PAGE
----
Day in and day out, I get to work with people who selflessly give of their time and talents. It’s not about a volunteer just doing something that needs to be done. It’s about people being on the front lines of the ministry by working in the field, teaching others how to start their own businesses and grow their own food, answering our phones, and raising awareness about Convoy of Hope.

We have many types of partners, but one of the most important is our volunteer group. They step out of their comfort zone to help make the world a better place. These men and women aren’t afraid to go to a region of the world they know little about to help someone during their time of need. They come into our office every single week and assist with projects our staff couldn’t begin to do on their own. It would be virtually impossible to do the work we are blessed to do without the thousands of volunteers we engage every year.

It’s safe to say every single day I receive a call or email from a person wanting to be a volunteer at Convoy of Hope. The number of wonderful people in this world so willing to give is never lost on me. The compassion and love our volunteers have for people they don’t know is one of the most beautiful things I’ve witnessed. It’s a selflessness, which takes them outside of their own needs or desires to help someone else.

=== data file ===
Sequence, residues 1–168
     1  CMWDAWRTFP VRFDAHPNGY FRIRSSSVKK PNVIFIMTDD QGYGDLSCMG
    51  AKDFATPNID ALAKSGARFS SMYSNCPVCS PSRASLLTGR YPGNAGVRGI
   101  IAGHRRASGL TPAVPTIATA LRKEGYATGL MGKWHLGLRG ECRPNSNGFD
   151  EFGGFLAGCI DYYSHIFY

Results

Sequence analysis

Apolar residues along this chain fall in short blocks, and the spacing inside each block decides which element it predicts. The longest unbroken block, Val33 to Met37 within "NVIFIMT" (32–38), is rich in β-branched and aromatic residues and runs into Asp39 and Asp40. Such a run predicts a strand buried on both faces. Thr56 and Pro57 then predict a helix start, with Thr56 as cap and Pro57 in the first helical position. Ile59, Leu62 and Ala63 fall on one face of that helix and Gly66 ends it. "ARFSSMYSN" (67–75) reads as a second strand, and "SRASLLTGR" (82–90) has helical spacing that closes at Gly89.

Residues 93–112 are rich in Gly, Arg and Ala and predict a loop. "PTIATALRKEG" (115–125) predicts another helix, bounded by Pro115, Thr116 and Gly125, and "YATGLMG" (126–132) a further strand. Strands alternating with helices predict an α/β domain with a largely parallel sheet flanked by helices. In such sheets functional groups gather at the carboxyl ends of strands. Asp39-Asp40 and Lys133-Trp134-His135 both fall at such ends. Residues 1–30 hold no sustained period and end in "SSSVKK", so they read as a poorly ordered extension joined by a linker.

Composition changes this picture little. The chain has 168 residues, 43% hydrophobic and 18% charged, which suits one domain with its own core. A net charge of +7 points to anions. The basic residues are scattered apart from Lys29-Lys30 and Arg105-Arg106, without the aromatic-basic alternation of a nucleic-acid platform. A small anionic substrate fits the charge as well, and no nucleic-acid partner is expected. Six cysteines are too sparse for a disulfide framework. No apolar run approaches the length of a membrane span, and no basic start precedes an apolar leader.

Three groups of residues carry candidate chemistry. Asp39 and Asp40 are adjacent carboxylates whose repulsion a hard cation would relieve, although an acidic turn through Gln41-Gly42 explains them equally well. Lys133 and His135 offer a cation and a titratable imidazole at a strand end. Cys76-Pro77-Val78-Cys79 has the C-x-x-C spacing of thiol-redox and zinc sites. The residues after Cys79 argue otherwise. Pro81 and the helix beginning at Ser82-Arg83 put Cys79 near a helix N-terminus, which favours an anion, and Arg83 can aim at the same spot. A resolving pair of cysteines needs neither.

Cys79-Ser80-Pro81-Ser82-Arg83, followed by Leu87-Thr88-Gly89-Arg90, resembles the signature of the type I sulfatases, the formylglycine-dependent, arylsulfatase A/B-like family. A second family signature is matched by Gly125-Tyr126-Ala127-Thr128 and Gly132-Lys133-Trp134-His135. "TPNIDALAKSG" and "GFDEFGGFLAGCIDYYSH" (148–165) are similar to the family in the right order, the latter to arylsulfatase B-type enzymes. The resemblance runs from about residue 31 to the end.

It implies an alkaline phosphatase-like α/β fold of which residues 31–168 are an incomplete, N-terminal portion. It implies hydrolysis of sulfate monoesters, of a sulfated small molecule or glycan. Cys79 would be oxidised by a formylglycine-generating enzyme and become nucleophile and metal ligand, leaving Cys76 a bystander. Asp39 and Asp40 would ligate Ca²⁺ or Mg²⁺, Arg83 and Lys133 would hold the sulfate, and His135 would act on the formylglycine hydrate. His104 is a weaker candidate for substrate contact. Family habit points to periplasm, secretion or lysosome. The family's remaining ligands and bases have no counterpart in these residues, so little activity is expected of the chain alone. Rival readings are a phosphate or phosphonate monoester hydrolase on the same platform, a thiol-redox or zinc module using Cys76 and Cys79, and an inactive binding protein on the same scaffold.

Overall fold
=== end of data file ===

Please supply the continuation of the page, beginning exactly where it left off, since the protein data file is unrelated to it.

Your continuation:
This is my job — getting to talk with, work with, and fellowship with some of the most amazing people in the world. They are the ones who make it possible for Convoy of Hope to do what we do. These people — our Convoy of Hope volunteers — are really the unsung heroes.

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Volunteering

Farmers in North Dakota Find Hope in Every Harvest

Just like most farmers, Russell and Holly Edgar have experienced hardships. The Red River Flood of 1997 caused mass destruction to their land in North Dakota and they were unable to plant crops on half their farm for more than two years. They were forced to sell their equipment and rent out the farm that had been in their family since the 1800’s. But Russell knew that wasn’t the end for them.

“I started thinking about what it would take to build a dairy heifer-raising facility on our land,” Russell explains. “I would wake up some mornings with design ideas.”

In 2004, the Edgars started construction on a 3,000-head facility. Once up and running, they were able to work toward getting their land back.

“I felt like God was telling me that since he had helped us through that difficult time, it was our turn to do something for others,” Russell adds.

Russell spoke with a friend of his who worked with the grain donation program, producing food for Convoy of Hope. Bob and LeAnn Bachman explained the program to the Edgar family, who decided that pinto beans would be the best fit for the children Convoy of Hope serves.

“I decided to donate 20 acres of pinto beans to the feeding program,” Russell says. “I received tremendous favor and reached out to a local bean seed company who donated all the seeds for free.”

Since then, the Edgars continue to donate pinto beans and corn to Convoy of Hope’s Children’s Feeding Initiative serving countries like El Salvador, Nicaragua, Haiti and the Philippines. They are proof that there is hope in every harvest.

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Agriculture